On Friday, the Standing Committee of Attorneys-General (SCAG) met to discuss the introduction of an R18+ rating. This has been a longstanding discussion in Australia and the discussion happens against the backdrop of a wider classification review of all forms of media. Only NSW declined to vote in favour of the rating – citing the recent formation of a new government in that state – but committed to consulting with them on the topic as soon as possible. These events pave the way for the introduction of an R18+ rating for videogames in Australia.

On Saturday, A Norwegian man let off a bomb in Oslo that killed seven people and shot and killed another 80 at an island retreat.

These events have nothing in common.

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Upcoming Events…Part 2

At the very real risk of overexposure, I’ll be speaking about my usual mix of games, writing, and Freeplay related stuff at:

The ATOM Screen Futures conference on Sunday 10th July, 12:00 – 1:00

Teaching games and games literacy

While videogames sit firmly in the limelight, there is a whole world of games out there that are more accessible, more easily read, and which teach tangible skills that can feed into digital games and interactive development.

Drawing from a recent Department of Education and Early Chidhood Development research project into teaching games and games literacy, this session will look at games and design from physical and pervasive games, board games, improvisation, experimentation, and design exercises with the aim of separating out the creative skills from the technical and providing a base to support greater games literacy in the classroom – whether or not the final outcome is a digital game or something else.

Monash University’s Computer Games Boot Camp on Thursday July 14th talking about writing for games and indie development.

The next TEDxMelbourne event on the evening of Tuesday July 19th talking about Gaming and Innovation.

VITTA‘s annual ICT Week event at BMW Edge on Wednesday July 27th talking about the changing shape of the industry and what that means for students & careers.

IGDA Brisbane Game On

Recently, I was invited up to Brisbane by their IGDA chapter to speak at one of their Monthly Game On events. It was a pretty open invitation so what I decided to focus on was extending some of the thoughts that I’ve had here about industry, culture, and how the words we use restrict our ability to properly think about things.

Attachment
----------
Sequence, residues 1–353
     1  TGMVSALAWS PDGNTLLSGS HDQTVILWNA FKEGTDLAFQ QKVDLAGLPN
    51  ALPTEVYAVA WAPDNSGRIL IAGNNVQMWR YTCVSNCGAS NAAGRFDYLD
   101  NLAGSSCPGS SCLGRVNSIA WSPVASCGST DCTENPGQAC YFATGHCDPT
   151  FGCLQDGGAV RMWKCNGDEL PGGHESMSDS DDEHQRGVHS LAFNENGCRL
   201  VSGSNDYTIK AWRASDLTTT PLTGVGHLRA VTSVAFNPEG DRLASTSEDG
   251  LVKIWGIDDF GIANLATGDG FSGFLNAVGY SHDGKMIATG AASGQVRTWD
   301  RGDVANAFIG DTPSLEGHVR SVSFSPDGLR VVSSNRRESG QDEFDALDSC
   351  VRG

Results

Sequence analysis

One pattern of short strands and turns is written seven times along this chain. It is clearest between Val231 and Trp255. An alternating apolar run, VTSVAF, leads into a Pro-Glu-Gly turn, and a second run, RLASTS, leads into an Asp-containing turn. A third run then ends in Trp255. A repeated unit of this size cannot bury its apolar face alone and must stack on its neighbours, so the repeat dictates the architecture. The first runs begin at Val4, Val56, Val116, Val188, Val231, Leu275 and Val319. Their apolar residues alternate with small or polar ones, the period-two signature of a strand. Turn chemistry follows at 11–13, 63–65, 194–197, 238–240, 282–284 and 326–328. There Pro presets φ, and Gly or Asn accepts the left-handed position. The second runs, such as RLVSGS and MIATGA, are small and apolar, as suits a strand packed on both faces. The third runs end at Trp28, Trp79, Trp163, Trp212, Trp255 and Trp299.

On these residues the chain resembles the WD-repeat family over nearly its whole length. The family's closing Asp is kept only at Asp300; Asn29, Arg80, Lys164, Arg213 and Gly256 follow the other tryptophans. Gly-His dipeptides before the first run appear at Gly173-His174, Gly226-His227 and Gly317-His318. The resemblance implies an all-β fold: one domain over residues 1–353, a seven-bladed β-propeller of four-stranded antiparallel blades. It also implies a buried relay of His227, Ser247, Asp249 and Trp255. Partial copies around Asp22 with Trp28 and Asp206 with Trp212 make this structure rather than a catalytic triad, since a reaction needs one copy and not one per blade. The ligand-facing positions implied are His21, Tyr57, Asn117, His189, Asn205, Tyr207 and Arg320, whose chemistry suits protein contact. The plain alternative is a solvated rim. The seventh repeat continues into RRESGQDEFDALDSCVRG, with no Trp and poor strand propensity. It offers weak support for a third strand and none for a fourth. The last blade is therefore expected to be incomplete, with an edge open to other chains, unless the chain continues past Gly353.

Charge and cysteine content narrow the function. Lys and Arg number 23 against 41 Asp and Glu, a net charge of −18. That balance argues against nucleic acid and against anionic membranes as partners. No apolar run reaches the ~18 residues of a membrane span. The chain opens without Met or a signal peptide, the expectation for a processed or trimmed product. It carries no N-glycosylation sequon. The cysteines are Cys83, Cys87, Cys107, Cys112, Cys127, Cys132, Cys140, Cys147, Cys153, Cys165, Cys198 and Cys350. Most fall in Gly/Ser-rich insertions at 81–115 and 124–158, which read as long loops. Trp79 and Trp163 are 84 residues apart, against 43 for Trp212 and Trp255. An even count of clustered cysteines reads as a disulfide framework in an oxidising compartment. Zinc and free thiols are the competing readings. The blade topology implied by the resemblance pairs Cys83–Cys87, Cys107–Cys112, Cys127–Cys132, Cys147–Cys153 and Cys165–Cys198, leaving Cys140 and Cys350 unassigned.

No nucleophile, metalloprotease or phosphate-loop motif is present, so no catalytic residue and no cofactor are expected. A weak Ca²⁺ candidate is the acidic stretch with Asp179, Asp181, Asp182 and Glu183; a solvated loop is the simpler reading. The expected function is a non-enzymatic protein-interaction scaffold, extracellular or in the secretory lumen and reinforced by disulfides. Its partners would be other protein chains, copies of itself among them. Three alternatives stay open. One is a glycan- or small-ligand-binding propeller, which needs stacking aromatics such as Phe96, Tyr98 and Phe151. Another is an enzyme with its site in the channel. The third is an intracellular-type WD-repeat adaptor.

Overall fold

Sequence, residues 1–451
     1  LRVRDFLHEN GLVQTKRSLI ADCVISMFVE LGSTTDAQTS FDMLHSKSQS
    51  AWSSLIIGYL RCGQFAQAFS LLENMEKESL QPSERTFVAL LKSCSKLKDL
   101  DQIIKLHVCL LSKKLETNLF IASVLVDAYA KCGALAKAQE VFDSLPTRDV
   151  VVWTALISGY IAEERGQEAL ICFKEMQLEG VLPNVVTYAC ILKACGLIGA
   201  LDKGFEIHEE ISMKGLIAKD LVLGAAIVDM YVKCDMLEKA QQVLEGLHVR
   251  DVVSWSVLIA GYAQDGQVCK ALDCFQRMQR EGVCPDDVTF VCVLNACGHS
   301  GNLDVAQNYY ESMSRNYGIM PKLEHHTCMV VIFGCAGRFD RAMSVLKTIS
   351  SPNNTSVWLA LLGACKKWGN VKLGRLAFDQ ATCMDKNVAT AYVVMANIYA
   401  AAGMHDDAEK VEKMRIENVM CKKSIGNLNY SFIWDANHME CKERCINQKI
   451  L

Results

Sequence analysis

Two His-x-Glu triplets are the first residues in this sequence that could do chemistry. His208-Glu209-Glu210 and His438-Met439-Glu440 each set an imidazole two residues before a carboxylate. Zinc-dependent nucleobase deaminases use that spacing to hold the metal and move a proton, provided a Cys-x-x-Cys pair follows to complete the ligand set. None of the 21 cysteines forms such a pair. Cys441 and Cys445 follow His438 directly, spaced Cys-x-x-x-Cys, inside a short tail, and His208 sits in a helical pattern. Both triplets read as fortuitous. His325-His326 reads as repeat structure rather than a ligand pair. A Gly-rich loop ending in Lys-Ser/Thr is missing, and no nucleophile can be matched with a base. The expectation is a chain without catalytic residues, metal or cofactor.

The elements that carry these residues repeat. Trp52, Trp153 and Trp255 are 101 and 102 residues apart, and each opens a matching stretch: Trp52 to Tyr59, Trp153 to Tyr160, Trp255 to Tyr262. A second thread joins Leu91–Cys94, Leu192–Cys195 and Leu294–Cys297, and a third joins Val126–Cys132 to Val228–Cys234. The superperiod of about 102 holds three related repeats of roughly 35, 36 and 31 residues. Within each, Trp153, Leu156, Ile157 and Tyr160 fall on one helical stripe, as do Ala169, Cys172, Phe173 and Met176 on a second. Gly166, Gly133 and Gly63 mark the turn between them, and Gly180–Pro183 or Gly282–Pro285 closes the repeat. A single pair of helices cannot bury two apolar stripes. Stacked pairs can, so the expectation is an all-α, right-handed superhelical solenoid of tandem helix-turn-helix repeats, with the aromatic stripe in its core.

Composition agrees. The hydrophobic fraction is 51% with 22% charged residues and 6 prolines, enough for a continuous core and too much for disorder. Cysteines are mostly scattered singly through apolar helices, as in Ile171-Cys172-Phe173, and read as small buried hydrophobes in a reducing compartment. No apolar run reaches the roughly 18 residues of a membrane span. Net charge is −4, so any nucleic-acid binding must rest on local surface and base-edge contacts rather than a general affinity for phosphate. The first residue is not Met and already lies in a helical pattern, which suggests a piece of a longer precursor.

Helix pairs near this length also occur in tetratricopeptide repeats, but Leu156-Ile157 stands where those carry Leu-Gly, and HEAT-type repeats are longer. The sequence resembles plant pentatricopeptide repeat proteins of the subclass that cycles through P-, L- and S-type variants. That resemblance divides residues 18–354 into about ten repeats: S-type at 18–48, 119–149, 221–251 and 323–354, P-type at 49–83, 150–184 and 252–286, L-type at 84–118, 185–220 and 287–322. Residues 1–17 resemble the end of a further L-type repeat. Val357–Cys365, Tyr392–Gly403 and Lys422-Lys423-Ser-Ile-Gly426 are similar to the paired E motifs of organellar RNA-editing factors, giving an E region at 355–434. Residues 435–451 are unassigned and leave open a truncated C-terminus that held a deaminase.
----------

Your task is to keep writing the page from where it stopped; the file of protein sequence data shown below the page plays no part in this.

Here’s the video. A full copy of the talk – which isn’t really a transcript, but it’s what I wrote to say amidst a flurry of other deadlines – is beneath the fold.

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Upcoming events…

Flurry of activity before I disappear into a Freeplay wrangling flurry.

I’ll be running a session at the Emerging Writers’ Festival as part of their Business of Being a Writer Masterclass on Process and Organisation. This event has sold out (hurrah), but there are still tickets available for their myriad other events.

I’ll also be running on of their TwitterFEST sessions on play and the creative process, building on and discussing my piece in The Reader that you can read online here.

Through Freeplay, we’ve also organised a few playful storytelling things with them. Head over to the event on their website or Freeplay to learn more.

Early June, I’ll be up in Brisbane to talk at the IGDA / Creative Industry Precinct’s Game On program. There isn’t much detail on the site, but this is what I’ll be talking about:

The words we use to describe the space we work in – development, industry, culture, community – all describe structures built, either deliberately or as a byproduct of other processes, by people. In the face of a shifting industrial landscape, how can we build new structures that might better reflect how we’d like to live and work, what would the values of such a community look like, and what does it mean to connect with a wider creative, critical, and artistic culture? This year’s Freeplay will explore these ideas – along with many others – but before it does, co-director Paul Callaghan will talk about some of the history and philosophy behind Freeplay, what to expect from this year’s event, and what to think about into 2012 and beyond.

After that,  I’m going to be at the Continuum Speculative Fiction and Pop Culture Convention talking games and storytelling. Look out for the launch of their full program here.

And lastly, I’ll be running a workshop with ExpressMedia on Innovative Storytelling as part of their Big Splash series.